Resident Evil TV Series Cancelled By Netflix
The major streaming services have been the big focus of the entertainment industry lately, and a big part of their strategy has been to bring in fans of video games with adaptations of classic franchises. Netflix has seemed particularly successful with its video game-related prospects, having found massive audiences with adaptations of Castlevania and The Witcher. The next big video game adaptation of theirs seemed to be their live-action Resident Evil TV series, which launched its first season earlier this year. Now it appears that the series’ first season will be its last, as it has been cancelled by Netflix.
Deadline has reported on the latest update regarding Netflix’s Resident Evil TV series. The report confirms that Netflix has decided to not renew the series for a second season. The show’s entire eight-episode first season premiered on July 14th to a fairly successful launch week with 72.7 million hours viewed. However, the second week of the series’s availability did not increase viewership much, as it then only reached 73.3 million hours. To make matters a bit darker, the series also only remained in the Netflix top 10 for three weeks.
Several other factors also likely contribute to Netflix’s decision to cancel the Resident Evil TV series. The series had not rubbed well on audiences given its differences from the source material, as well as poor reception from critics leaving it a rotten score of 55% on Rotten Tomatoes. The show also required a high budget cost, given the series’ level of spectacle and special effects. While this marks the end of the series, Netflix does still have other video game adaptations in the works, including films based on Horizon Zero Dawn and BioShock. Hopefully, those projects fare better than the Resident Evil series, which doesn’t seem like it will be reanimating any time soon.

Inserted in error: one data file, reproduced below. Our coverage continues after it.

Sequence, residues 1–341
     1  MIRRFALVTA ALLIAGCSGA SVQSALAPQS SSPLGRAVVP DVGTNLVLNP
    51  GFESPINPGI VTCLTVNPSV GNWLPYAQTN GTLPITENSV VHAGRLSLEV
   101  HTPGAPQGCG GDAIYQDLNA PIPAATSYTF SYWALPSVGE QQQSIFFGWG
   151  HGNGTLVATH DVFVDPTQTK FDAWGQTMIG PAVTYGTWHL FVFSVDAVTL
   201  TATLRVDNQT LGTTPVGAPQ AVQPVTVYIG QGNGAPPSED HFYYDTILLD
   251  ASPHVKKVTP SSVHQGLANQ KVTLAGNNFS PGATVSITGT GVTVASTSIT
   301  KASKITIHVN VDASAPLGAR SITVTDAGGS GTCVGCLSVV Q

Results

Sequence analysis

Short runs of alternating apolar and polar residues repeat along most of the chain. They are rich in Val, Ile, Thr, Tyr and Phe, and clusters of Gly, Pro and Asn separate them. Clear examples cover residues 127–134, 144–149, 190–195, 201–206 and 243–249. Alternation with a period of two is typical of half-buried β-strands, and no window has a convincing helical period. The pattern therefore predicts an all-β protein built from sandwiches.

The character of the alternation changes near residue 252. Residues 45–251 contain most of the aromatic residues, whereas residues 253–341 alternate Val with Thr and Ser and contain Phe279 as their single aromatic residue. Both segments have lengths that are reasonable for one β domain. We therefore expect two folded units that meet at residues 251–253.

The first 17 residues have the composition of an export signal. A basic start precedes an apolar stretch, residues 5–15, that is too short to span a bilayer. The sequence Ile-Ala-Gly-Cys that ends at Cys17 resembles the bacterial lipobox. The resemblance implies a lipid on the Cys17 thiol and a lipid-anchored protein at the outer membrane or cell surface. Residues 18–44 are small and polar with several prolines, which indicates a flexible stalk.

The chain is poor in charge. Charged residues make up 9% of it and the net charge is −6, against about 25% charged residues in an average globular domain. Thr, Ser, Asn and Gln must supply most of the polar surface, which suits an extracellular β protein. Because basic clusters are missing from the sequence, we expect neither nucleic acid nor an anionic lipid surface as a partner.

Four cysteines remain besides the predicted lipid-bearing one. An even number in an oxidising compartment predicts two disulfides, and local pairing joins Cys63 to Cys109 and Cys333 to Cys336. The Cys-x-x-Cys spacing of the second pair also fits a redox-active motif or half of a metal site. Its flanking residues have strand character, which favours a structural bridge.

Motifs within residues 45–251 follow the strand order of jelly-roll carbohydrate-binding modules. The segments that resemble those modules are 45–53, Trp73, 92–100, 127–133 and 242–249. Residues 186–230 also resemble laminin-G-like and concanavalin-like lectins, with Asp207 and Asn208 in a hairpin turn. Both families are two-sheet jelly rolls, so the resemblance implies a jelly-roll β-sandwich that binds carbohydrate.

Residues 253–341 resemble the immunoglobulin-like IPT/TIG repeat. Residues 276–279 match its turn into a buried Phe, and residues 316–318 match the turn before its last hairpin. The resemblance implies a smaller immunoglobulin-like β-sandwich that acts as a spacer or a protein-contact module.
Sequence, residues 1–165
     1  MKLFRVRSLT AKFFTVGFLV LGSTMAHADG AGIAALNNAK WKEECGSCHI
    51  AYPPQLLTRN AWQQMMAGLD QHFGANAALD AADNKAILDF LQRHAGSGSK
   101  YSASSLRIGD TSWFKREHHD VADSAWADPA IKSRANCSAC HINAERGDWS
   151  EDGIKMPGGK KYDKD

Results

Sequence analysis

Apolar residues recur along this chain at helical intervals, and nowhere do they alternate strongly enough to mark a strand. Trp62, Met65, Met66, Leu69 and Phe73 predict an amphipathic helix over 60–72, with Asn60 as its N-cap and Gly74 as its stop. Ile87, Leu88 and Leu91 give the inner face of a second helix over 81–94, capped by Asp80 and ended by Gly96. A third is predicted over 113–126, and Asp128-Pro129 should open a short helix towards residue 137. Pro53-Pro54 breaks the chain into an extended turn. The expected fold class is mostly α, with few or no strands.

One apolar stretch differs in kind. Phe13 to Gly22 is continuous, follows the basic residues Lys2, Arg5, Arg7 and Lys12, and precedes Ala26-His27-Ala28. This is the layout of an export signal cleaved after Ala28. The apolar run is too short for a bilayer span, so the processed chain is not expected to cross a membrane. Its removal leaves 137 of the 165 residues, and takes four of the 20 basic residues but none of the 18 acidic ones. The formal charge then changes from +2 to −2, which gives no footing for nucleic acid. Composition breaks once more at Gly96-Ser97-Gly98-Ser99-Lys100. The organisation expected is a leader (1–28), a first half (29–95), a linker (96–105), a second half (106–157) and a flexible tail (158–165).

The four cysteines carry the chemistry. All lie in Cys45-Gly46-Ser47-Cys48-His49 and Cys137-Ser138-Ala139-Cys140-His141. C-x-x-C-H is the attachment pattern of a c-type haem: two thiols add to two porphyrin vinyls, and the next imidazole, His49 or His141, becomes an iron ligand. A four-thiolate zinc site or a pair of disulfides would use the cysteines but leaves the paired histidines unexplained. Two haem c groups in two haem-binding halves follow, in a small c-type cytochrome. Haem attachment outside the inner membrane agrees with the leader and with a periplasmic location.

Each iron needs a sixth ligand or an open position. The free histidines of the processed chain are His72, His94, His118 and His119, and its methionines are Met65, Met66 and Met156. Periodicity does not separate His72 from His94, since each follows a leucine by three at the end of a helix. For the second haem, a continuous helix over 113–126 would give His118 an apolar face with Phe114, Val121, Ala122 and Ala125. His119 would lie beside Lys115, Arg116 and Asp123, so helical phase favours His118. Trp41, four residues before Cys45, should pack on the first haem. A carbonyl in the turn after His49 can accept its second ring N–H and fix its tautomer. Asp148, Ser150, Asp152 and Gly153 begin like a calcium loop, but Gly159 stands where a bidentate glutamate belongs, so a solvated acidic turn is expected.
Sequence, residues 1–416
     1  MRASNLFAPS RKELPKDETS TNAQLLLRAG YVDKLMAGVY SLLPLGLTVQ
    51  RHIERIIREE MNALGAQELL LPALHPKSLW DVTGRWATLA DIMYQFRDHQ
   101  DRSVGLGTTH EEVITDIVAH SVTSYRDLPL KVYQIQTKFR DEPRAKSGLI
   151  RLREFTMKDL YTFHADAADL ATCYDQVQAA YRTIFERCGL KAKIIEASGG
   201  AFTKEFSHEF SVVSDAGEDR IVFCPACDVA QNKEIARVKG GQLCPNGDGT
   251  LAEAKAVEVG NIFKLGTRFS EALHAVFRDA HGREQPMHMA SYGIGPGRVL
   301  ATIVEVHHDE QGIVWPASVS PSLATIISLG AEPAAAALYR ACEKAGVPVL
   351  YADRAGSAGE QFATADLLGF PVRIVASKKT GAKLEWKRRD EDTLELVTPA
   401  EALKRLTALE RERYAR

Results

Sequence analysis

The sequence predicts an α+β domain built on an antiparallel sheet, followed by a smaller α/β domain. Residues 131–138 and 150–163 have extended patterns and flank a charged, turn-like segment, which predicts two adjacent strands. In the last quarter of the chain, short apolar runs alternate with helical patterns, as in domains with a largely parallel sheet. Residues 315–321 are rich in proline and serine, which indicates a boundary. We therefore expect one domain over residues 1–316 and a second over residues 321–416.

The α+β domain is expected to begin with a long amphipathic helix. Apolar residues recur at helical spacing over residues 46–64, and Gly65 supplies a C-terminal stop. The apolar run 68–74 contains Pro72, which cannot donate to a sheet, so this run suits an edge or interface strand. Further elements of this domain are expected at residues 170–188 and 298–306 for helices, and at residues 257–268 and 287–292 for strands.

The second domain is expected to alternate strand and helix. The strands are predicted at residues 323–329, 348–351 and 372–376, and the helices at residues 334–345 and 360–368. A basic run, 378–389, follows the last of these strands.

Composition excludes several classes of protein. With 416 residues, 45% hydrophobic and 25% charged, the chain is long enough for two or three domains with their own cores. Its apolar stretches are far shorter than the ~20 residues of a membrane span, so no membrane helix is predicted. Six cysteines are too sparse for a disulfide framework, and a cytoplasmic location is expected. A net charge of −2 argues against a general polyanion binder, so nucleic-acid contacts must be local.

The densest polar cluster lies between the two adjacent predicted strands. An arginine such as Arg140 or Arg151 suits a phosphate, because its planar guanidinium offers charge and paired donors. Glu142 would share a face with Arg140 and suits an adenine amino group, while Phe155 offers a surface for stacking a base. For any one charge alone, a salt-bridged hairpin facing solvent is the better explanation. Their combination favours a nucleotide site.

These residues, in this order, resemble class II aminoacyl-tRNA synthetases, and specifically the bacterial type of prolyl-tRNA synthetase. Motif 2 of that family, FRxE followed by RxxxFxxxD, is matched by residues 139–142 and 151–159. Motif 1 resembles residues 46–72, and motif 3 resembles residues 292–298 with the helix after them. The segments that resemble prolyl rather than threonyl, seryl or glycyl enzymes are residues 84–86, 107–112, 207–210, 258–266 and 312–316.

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Cory Lara2137 Posts
A royally radical and totally tubular 90s kid, Cory has a passion for all things nerdy, particularly gaming and nostalgia. While an accountant by day, he strives to be as creative and humorous as possible in his free time, be it here writing on Don't Feed the Gamers, or making dumb satirical posts on his Twitter, Youtube, Facebook and Instagram accounts.